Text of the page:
“My friends used to literally dunk our fingers in a bag and keep dipping throughout the night,” says Emma*, a 19-year-old musician. “That’s how you learn the hard way that re-dosing makes your comedown so much worse.”
There’s science behind why re-dosing makes a comedown worse. MDMA is broken down in your body by enzymes in your liver. But one of the elements in MDMA actually stops one of these major enzymes from working. This means your body can find it harder to break down MDMA after more and more doses, which puts more stress on your body.
Which, unsurprisingly, can lead to loss of sleep, exhaustion, dehydration, and other physical effects that contribute to a punishing comedown.
Re-dosing also generally means taking a larger quantity of MDMA in total, and large doses can have a direct impact on the severity of the comedown. Just like how drinking more means you’ll probably have a worse hangover.
- Don’t come down alone
By far the most wholesome lesson we can learn from MDMA research is the value of a comedown buddy.
In the MDMA-assisted therapy study, each participant was given eight hours of “supportive therapy” which spans across the period they were high, and when they were easing out of that high. The researchers said MDMA paired with talk therapy allowed the participant to stay “emotionally engaged while revisiting traumatic experiences without becoming overwhelmed by anxiety or other painful emotions”.
While the average party-goer might not be too keen on getting high with their therapist next to them (and most people probably wouldn’t be able to foot the eight-hour session bill anyway) Paul says there is something to be said about having someone around during a comedown who is knowledgeable, comfortable to be with and who you can trust.
“Having something akin to psychotherapy to manage your reaction to some of the memories and thoughts that may come up, I think is a really important part of this,” he says. “It’s about having knowledgeable people who will support you, whatever happens through the experience.”
Paul says a big part of this is being able to ease out of a feeling of euphoria and back into reality without really even noticing. “It is no wonder people can feel depressive symptoms if they have suddenly gone from being surrounded by people they love and releasing all of this serotonin, to then suddenly being alone in their room with this feeling of being ‘back to reality’ and the ‘good times are over’.”
“Some people might also be taking it to escape pre-existing feelings of depression, so when they return to their normal state the contrast of feeling euphoric and then feeling heavy so quickly can be overwhelming.”
Jack says it makes sense some people want to come down alone because they’re exhausted, feeling irritable, and probably smell and look like shit. “But having a day or two where you are around the same people, but not on drugs can help you ease out of the comedown. You don’t get the same ruthless shock to the system.”
He says people definitely should make their comedown buddy or buddies the same people who they have been high with. “In this vulnerable state, the last thing you want to deal with is people judging your pathetic state of existence or interrogating you about what happened. You want this feeling of riding it out together.”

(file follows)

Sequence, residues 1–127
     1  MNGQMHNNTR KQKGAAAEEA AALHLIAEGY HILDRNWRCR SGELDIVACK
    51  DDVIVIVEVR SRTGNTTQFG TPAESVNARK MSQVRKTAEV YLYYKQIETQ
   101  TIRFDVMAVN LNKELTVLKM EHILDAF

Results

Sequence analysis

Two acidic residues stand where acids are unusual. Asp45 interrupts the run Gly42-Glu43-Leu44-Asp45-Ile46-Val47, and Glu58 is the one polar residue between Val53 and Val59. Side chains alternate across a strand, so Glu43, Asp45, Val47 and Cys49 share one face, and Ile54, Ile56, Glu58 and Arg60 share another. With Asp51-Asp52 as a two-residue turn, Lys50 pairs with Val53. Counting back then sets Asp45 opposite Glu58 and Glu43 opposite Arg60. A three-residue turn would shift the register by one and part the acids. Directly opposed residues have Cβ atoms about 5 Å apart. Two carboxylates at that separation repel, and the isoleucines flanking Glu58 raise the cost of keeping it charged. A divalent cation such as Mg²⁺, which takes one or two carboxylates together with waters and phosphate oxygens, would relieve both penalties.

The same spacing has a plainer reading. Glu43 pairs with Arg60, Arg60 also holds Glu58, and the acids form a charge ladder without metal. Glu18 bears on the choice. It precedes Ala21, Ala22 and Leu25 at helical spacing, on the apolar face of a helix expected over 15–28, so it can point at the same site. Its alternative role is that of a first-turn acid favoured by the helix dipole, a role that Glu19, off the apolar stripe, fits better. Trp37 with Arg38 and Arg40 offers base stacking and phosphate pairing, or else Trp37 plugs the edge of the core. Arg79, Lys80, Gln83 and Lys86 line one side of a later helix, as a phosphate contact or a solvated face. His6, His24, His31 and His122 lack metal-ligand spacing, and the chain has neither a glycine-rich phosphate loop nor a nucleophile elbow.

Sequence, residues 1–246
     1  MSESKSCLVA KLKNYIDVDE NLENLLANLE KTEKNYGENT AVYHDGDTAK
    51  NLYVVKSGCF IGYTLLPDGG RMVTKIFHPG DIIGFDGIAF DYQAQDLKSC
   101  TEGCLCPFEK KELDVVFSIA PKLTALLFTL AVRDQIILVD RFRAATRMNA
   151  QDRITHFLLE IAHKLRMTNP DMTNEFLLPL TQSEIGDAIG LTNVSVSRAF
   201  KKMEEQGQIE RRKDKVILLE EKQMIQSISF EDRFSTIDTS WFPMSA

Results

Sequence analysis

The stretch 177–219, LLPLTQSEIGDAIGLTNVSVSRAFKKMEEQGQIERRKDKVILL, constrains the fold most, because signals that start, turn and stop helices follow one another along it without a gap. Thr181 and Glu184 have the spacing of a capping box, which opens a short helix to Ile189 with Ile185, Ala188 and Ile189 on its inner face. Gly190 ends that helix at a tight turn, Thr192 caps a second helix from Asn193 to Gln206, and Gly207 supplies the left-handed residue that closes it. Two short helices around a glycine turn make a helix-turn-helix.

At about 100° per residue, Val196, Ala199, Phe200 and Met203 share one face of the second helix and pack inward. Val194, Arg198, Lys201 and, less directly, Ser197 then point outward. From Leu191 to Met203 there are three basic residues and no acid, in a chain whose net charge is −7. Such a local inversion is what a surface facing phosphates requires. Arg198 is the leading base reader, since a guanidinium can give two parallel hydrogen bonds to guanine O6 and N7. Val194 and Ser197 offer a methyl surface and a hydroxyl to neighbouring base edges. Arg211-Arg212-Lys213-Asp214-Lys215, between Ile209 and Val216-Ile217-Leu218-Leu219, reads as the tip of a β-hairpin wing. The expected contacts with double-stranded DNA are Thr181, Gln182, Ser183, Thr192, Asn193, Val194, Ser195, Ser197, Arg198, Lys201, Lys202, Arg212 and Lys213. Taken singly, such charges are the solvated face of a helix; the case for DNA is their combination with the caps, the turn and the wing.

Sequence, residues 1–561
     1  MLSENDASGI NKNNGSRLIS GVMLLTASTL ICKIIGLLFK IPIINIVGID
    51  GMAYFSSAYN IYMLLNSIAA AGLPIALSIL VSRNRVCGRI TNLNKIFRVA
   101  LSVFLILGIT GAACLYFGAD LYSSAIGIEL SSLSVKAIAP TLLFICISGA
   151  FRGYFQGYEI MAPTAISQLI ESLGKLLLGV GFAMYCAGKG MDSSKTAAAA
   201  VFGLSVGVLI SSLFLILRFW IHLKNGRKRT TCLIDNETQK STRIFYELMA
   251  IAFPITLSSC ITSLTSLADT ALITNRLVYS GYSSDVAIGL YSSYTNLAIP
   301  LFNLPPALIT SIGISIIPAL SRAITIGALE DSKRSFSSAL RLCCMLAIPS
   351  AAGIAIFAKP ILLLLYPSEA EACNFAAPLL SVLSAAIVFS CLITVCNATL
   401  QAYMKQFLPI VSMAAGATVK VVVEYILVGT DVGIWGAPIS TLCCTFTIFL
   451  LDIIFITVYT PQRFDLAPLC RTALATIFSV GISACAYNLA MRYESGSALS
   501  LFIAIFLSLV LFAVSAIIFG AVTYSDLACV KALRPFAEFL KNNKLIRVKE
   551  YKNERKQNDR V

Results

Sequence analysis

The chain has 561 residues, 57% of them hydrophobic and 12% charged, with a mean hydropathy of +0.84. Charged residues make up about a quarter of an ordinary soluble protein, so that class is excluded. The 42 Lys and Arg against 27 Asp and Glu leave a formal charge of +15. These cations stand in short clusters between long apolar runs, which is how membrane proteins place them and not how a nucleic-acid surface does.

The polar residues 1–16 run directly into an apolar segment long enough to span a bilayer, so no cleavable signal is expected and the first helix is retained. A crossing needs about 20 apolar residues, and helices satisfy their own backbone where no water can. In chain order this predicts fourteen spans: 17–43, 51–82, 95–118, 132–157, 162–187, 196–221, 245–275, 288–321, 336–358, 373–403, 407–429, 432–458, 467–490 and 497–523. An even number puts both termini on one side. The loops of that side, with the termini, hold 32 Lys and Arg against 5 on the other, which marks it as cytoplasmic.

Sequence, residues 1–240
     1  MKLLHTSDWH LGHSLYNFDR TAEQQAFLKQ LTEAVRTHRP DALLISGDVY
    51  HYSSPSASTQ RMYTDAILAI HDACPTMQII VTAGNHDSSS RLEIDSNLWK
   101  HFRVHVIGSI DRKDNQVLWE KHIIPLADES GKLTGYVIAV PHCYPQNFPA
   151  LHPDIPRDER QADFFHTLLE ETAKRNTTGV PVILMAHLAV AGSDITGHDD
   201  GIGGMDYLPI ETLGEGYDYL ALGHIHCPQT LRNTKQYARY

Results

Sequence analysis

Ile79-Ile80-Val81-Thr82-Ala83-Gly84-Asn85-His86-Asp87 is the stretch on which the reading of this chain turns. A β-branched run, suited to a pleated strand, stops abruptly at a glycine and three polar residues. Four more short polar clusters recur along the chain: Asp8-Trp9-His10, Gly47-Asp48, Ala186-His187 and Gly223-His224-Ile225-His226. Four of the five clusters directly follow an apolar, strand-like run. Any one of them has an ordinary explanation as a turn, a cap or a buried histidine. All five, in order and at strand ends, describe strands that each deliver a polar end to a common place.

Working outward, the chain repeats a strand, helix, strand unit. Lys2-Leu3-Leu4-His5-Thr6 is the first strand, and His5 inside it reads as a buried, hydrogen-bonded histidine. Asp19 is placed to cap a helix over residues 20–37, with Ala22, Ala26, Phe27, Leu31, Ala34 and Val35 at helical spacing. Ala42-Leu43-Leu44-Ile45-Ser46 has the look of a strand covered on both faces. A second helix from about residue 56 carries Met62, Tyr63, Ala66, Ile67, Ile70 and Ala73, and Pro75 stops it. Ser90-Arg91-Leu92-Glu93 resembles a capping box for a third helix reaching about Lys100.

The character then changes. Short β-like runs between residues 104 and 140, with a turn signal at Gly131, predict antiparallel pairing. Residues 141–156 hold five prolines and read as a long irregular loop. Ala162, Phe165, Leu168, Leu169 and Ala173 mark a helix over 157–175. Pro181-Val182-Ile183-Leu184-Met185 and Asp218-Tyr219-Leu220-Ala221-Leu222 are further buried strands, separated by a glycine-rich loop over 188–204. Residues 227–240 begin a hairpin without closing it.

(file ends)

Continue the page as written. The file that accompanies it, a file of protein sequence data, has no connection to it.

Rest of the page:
So maybe next time there’s a festival or have a big night out, book the extra night at an Airbnb and spend it together. Or stay the night at a mate's house and make a ridiculous amount of food together that's easy on the jaw. If the company is good enough, you might not even notice the low at all.
- Prioritise self care
Sometimes things don’t happen the way they probably “should”. Like Jack, people might not bother testing their drugs, or re-dose a bunch. Now they’re in bed or in a car, alone, feeling sorry for themselves. Shit happens.
But the good thing is, some self care can go a long way.
When you google ‘how to cure a comedown’ you get the same classic (and valid) answers: drink water, eat decent food, sleep, crack open a window and listen to some music or a shitty TV show.
Those do work. But here is a list of things that are a little more obscure, but valid in their own right.
“I’ve found that being submerged in water really helps me,” Emma laughs. “No science behind it at all. But it just works. A beach is most ideal, but even just a gym pool is sometimes enough to get that weightless feeling.”
“A good jerk often helps me,” says Jack. “It’ll either tire you out a bit so you can get some shut-eye or some dirty porn will really give you some perspective on life. You know...it could be worse.”
“Blow your nose, take a shower, then take some 5-HTP and Benadryl and you’ll make it through,” says Madeleine.
5-Hydroxytryptophan-, or as it’s often called, 5-HTP is one of the crucial things the body needs to make serotonin. But when the body is low on it, it can be bought in a bottle over the counter at a pharmacy. Ah, the joys of modern medicine. That same naturally-occurring amino acid can also be found in marmite and orange juice.
“I only ever take 5-HTP 24 hours afterwards and for about a week after using MDMA,” says Madeleine. “It just helps take an edge off the low.”
“This might sound useless,” says Jack. “But simply being aware of why you're feeling that way and knowing that it’s a chemical imbalance in your brain because you took drugs and it’s not real, really helps. Just reminding yourself of that doesn’t make it go away but for me, it makes it more bearable.”
“It just helps give you that perspective when you feel like your life is doomed. It’s actually not, it might just feel like it for a little while. But you’ll move out of it soon.”
* names have been changed
Check out the New Zealand Drug Foundation for more information on drug harm reduction.
This story is part of Re:’s Drug Week. We’re talking nangs, comedowns, decriminalisation and more.
Where to get help:
- The Ministry of Health has a list of different addiction help services here
Free 24-hour drug and alcohol helpline: 0800 787 0797
- 1737: The nationwide, 24/7 mental health support line. Call or text 1737 to speak to a trained counsellor.
- Suicide Crisis Line: Free call 0508 TAUTOKO or 0508 828 865. Nationwide 24/7 support line operated by experienced counsellors with advanced suicide prevention training.
- Youthline: Free call 0800 376 633, free text 234. Nationwide service focused on supporting young people.
- OUTLine NZ: Freephone 0800 OUTLINE (0800 688 5463). National service that helps LGBTIQ+ New Zealanders access support, information and a sense of community.